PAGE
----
Microscope can scan tumors during surgery and examine cancer biopsies in 3-D
July 05, 2017
A versatile light-sheet microscope developed by a team of University of Washington mechanical engineers, including Adam Glaser and Jonathan Liu, and UW Medicine pathologists, Nicholas Reder and Larry True, can provide surgeons with real-time pathology data to guide cancer-removal surgeries and can also non-destructively examine tumor biopsies in 3D. It can rapidly and non-destructively image the margins of large fresh tissue specimens with the same level of detail as traditional pathology — in no more than 30 minutes.
Read the full story on UW Today.
Happy 90th Birthday to Dr. George Martin
July 05, 2017 in Research
On June 30, 2017, Professor Emeritus Dr. George Martin turned 90 years old. Several generations of Dr. Martin's colleagues in the UW Department of Pathology gathered to hear remarks, mingle, and celebrate Martin's work and legacy of scientific accomplishment, generosity, and collegiality.
Read the full story on the UW Memory and Brain Wellness Center website.
Stealing a Secret From an Unwelcome Virus
June 29, 2017 in Research
Dr. Jia Zhu's unexpected discovery in a herpes lab might bring relief to cancer patients.
Dr. Bharadwaj And Mentor Dr. Pallanck Receive Weil Award
June 29, 2017 in Research
Dr. Raj Bharadwaj and his mentor Dr. Leo Pallanck received the Weil Award this year for Best Paper on Experimental Neuropathology from the American Association of Neuropathologists for their work on a new Drosophila model of Neurodegeneration with Brain Iron Accumulation (NBIA). This is a major national award not limited to trainees awarded for Raj's work in the research year of his neuropathology fellowship. The new Drosophila model of NBIA – a familial disease with clinical and pathologic similarities to Parkinson’s disease- is anticipated to help better understand the pathogenesis of Parkinsonism, with the ultimate goal of finding novel therapeutic approaches for these devastating diseases.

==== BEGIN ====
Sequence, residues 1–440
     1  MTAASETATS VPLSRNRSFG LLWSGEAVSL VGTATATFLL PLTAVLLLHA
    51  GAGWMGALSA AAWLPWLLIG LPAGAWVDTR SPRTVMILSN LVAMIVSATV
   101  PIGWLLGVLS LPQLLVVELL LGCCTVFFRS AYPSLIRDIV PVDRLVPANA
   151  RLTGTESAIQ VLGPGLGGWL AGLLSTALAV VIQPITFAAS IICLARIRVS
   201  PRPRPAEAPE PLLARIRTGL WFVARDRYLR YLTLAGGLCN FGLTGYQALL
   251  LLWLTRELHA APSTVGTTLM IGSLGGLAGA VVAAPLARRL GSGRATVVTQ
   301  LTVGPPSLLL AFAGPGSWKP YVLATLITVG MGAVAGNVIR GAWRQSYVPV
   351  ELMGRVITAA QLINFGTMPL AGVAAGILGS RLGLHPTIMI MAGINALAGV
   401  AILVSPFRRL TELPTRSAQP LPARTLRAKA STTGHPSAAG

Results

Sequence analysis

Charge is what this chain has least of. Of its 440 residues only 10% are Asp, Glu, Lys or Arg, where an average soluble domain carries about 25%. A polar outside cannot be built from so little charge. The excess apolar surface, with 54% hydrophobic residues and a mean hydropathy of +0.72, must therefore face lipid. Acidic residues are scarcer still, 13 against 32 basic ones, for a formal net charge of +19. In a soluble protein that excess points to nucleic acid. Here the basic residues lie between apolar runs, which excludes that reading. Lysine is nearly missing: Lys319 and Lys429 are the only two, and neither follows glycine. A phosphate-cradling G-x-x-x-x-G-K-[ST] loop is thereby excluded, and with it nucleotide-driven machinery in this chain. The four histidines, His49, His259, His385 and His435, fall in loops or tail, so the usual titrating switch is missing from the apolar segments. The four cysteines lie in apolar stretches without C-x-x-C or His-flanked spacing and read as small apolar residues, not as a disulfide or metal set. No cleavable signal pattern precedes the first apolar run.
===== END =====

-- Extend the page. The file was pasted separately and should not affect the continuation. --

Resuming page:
Donated Brains a ‘Tremendous Gift’ to Science, UW Medicine Says
May 18, 2017 in Research
King 5 has published an article on brain donations and the benefits they provide to medical institutions. Dr. Keene was interviewed on the importance of brain donations in general and their potential to improve treatment and prevention of traumatic brain injuries.
More can be found on King 5's website, "Donated Brains a 'Tremendous Gift' to Science, UW Medicine Says".
Martin Lab’s Aging Research Featured as Biology Focus in Nautilus
March 30, 2017 in Research
Nautilus Magazine has published an article on aging featuring George Martin's and others' research on aging and the wide variability in its effects. The article can be found on the Nautilus website and contains more information on the genetic focus of Martin's research.
Kaeberlein Lab’s Research in Dog Aging Project Featured in TIME
March 21, 2017 in Research
TIME has published an article featuring the Kaeberlein Lab's work on the Dog Aging Project, a trial which is studying the effects of rapamycin therapy in dogs. The drug is being tested for the potential of increasing the length and quality of life in aging canines.
You can read the article on TIME's website, "Is There Anything That Can Help My Dog Live Longer Too?".
Young and Keene featured in the Winter 2017 issue of Dimensions, the Newsletter of the UW ADRC
January 30, 2017 in Research
Dr. Young and Dr. Keene were featured in the Winter 2017 issue of Dimensions, the Newsletter of the UW Alzheimer's Disease Research Center. You can read about their work, which focuses on human induced pluripotent stem cells (iPSCs) for the development of laboratory models of Alzheimer’s disease, on the UW Memory and Brain Wellness Center website.
Stevens Receives NIH Director’s New Innovator Award
October 06, 2016 in Research
Kelly Stevens, Assistant Professor of Bioengineering and Pathology, has received an NIH Director's New Innovator Award in support of her work to develop new technologies to assemble artifical human tissues from stem cells, and then remotely control these tissues after implantation in a patient.
Yeung Receives Multiple Honors
September 21, 2016 in Research
Cecilia Yeung, Assistant Professor of Pathology, has recently won the SEED grant from the Hope Foundation, the SWOG Young Investigator Award, and the Archer Research Challenge Grant.